Egypt's pro-democracy activists fear run-off vote

Protest groups left to wonder if struggle to overthrow Mubarak has backfired on them

The shock and bewilderment following Egypt's unexpected preliminary presidential election result has triggered recriminations among the liberal activists who helped topple Hosni Mubarak last year.

Many of the protesters, who saw preferred candidates such as the left-wing activist Hamdeen Sabahi pushed out of the running, are openly questioning whether the months of gritty street politics which convulsed Egypt last year might have backfired.

Unofficial results suggest next month's presidential run-off will pit the Muslim Brotherhood's Mohamed Morsi against Ahmed Shafik, a former air force chief who is widely viewed as the ruling military council's de facto candidate.

Analysts suggested Mr Shafik was catapulted into second place by voters tired of the eekly demonstrations and a rise in crime after Mr Mubarak's fall.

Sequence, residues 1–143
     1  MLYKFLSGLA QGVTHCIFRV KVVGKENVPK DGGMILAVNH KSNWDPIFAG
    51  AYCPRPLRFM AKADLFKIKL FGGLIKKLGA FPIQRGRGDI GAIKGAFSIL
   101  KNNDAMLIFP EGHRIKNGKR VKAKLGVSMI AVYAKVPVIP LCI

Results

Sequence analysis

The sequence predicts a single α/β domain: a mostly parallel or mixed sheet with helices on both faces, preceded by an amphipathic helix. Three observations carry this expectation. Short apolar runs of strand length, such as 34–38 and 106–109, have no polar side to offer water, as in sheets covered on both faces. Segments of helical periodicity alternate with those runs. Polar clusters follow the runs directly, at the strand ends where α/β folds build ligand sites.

It has left some activists wondering whether they made a disastrous miscalculation by getting lured into repeated bouts of violence by the military and security forces. "We didn't get our message across to the normal citizens," said Mona Dadeir, a member of the April 6 youth movement that helped spearhead protests last year. "They blame us because they lost their sense of security."

Shereen al-Touny, an activist who co-founded a NGO to monitor parliamentary elections, said she understood why voters had grown weary.

"I am a revolutionary. I went to the streets for all the marches and sit-ins. But I am tired," she said. "If I am saying I'm tired, can you imagine what someone sitting on their couch at home is saying?"

Official election results will be announced this week, but many activists are horrified at the prospect of voting for either of the current run-off candidates. "Ahmed Shafik will hang us if he wins," Amal Sharaf, a leading member of April 6, said.

There is also a belief that again, when it really mattered, the liberal opposition was hopelessly divided. If other so-called "revolutionary" candidates had stepped down, they argue, Mr Sabahi could have won.

"That was a historical mistake," Shady el-Ghazaly Harb, a founding member of a leading youth coalition, said. Activists are calling for more anti-Shafik protests in Cairo tomorrow.

In a separate development, one of Mr Mubarak's closest aides was jailed for seven years and fined $6m (£3.8m) for corruption.

A Cairo court convicted Zakaria Azmi of using his position to illegally make $7m (£4.5m).